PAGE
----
Wednesday, March 23, 2011

Agriculture going green?

Let's face it we live in a time where we are expanding and in turn our fossil fuels are depleting coupled with some harmful after math to our planet like green house gasses. To counter act these damages many innovations and steps have been taken. For example, the innovation of hybrid cars and even fully electric cars. It seems as if everything made is HF (high efficiency) and an energy star. These list from refrigerators, televisions, to light bulbs. Even some cities, like my own (malden), make it a point to recycle and only accept the city trash bags which you have to pay for from them in attempt to cut back on excess waste. The point is people are taking it seriously and have even taken another step in the fight to go green.

A Rural Economy and Land program have been research Anaerobic digestion to help agriculture go green. This is beneficial for farmers and it has a positive effect on green house gas emissions. According the the researchers a typical dairy farm could supply most of the electricity needed to milk the cows by simply converting their manure into energy with these digesters. The Anaerobic digester is a plant that can be fed animal slurry, energy crop, or imported waste. After the process is complete a fertilizer is a by-product and can be used to save farmers money while cutting back on carbon dioxide emissions.

"Digesting the slurry produced b y one dairy cow has the potential to reduce methane emission by 25 kg and generate 1000 kWh for electricity per year. This is the equivalent of three months electricity consumption in an average household."

There seems to be no negative issue with this technology. It is bio degradable and environment friendly. Furthermore, cost efficient and would considerably help the "green" movement. There isn't really much to say except for wow what is next.

posted by Louis Dumas (1)


  1. I am curious to see what the next step in this technology is. I can't imagine that the majority of Americans would be willing to have a 'power plant' in their yard that runs off cow slurry considering the smell it would cause, especially when there are multiple 'power plants' in a neighborhood. I am surprised, however, that this technology is just being discovered now. It seems so simple, but I am interested to see how far this actually goes in the solution to cutting down emissions.

    Posted by Marlena Grasso

  2. Louis,

    I am pleased and amazed that, after so many long years, we have finally come up with such an interesting name for cow manure.

    Nomenclature aside, this is a wonderful story and gives some hope to the cattle industry in America which, over the course of the last few years, has become a topic of contention for environmentalists. However, while the potential for generating kilowatt hours from—and I can't believe I'm typing this—cow slurry represents a step forward in renewable energy, one of the more prominent issues among industrial cattle-raising is the proliferation of methane gas release. The amount of gas from cattle farms actually has an impact on the world's climate, so I wonder: are the researchers addressing that issue as well?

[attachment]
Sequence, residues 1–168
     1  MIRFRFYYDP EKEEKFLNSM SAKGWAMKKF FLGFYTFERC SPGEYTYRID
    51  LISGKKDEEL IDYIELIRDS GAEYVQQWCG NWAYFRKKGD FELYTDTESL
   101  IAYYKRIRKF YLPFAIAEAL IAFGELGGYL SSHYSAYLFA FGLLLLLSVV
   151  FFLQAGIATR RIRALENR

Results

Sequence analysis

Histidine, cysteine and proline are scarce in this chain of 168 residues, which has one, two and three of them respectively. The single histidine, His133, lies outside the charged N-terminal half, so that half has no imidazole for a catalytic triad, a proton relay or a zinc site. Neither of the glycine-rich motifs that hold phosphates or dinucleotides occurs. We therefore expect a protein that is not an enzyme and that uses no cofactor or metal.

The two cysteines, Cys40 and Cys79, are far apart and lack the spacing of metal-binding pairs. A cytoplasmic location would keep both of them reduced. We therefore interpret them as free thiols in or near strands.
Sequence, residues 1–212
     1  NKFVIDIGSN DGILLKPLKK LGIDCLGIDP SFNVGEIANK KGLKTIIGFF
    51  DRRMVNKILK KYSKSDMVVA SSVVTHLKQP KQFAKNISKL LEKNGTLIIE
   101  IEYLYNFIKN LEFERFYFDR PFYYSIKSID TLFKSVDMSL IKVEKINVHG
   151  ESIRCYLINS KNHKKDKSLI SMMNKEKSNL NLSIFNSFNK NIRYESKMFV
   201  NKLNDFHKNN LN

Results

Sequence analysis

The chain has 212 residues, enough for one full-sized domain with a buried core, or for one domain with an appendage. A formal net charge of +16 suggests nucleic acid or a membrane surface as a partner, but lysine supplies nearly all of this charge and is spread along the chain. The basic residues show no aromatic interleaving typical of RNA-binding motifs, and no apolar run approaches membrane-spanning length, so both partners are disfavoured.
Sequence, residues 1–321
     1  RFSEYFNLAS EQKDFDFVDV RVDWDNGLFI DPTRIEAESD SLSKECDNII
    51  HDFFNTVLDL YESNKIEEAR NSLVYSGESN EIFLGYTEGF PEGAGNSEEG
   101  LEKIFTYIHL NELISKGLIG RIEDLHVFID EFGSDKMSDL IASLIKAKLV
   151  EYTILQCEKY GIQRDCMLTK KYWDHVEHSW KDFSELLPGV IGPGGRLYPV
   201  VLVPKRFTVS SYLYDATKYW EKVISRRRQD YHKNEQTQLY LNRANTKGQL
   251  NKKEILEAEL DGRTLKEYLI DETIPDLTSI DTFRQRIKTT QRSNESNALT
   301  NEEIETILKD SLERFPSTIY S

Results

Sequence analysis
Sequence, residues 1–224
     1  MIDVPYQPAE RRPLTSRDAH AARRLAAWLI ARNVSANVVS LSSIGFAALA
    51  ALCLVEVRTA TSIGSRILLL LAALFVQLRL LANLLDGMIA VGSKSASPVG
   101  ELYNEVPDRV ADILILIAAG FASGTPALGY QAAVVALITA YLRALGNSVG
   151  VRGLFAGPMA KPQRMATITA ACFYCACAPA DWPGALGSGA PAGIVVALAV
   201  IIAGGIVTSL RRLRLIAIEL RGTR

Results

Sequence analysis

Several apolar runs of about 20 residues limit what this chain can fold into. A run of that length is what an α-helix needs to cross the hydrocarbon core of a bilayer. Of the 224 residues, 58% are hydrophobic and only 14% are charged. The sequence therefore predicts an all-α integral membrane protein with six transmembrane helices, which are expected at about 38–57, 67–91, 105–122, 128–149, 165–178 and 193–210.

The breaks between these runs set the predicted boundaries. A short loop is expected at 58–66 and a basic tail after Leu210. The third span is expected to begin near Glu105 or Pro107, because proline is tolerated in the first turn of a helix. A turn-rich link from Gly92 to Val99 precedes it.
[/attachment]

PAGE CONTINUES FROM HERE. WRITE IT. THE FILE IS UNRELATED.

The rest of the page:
Thanks for the clarification.

    Posted by Alexander Simolaris

  3. There are a few things that come to mind upon reading your blog, Louis. One of them is how disturbing it is that the part of Texas in which my father lives does not recycle at all. I was shocked to find this out when I visited and asked where they keep their cans to be recycled, only to find that his wife, my step-mother, along with some of her friends in their community, have taken many vigorous steps to change with, to no avail.

    The second thing that comes to mind is how many inhabitants of India use manure. They use it to insulate their homes, as well as in the production of their soap. It may sound disgusting, but who are we to stop them? If you ask me, we should be taking note of this; it is wonderful. But, they do it just to get by, not as an effort to go green.

    The third and final thing that comes to mind is McDonald's latest efforts to go green. Many of their restaurants, and hopefully all of them soon, make use of the grease left over in all their fryolators. They mix it with Diesel fuel to make the hybrid known as Bio-Diesel fuel. Many of their trucks shipping supplies now use this Bio-Diesel fuel. I think it is great.

    Posted by Derek Melzar

  4. Jumping on the bandwagon is usually considered a bad thing, but I hope more farmers start to use this new technology. Being able to effectively reduce waste and emissions can make a great impact if this practice was applied. I wonder if this technology can be used for other applications in the world, not just for agricultural purposes.

  5. Like the previous post, it would be great to see this done widespread. I am not sure if I am answering the question on the second post, but anaerobic digester plants use tanks that cap and channel methane gas for future energy use, which prevents its release into the atmosphere.

    Posted by: Nelson Milano

  6. This development is definitely consistent with what has been occurring with agricultural and biotechnological developments over the past decade or so. Thankfully the agricultural industry has been shifting away from technologies that produce high but short-term gains and more towards long-term, permacultural strategies. Hopefully with these bacteria and their ability to eliminate methane emissions, we humans can continue to design our environments so that our ways of life work with the planet, rather than against it.

    Posted by Connor Finnerty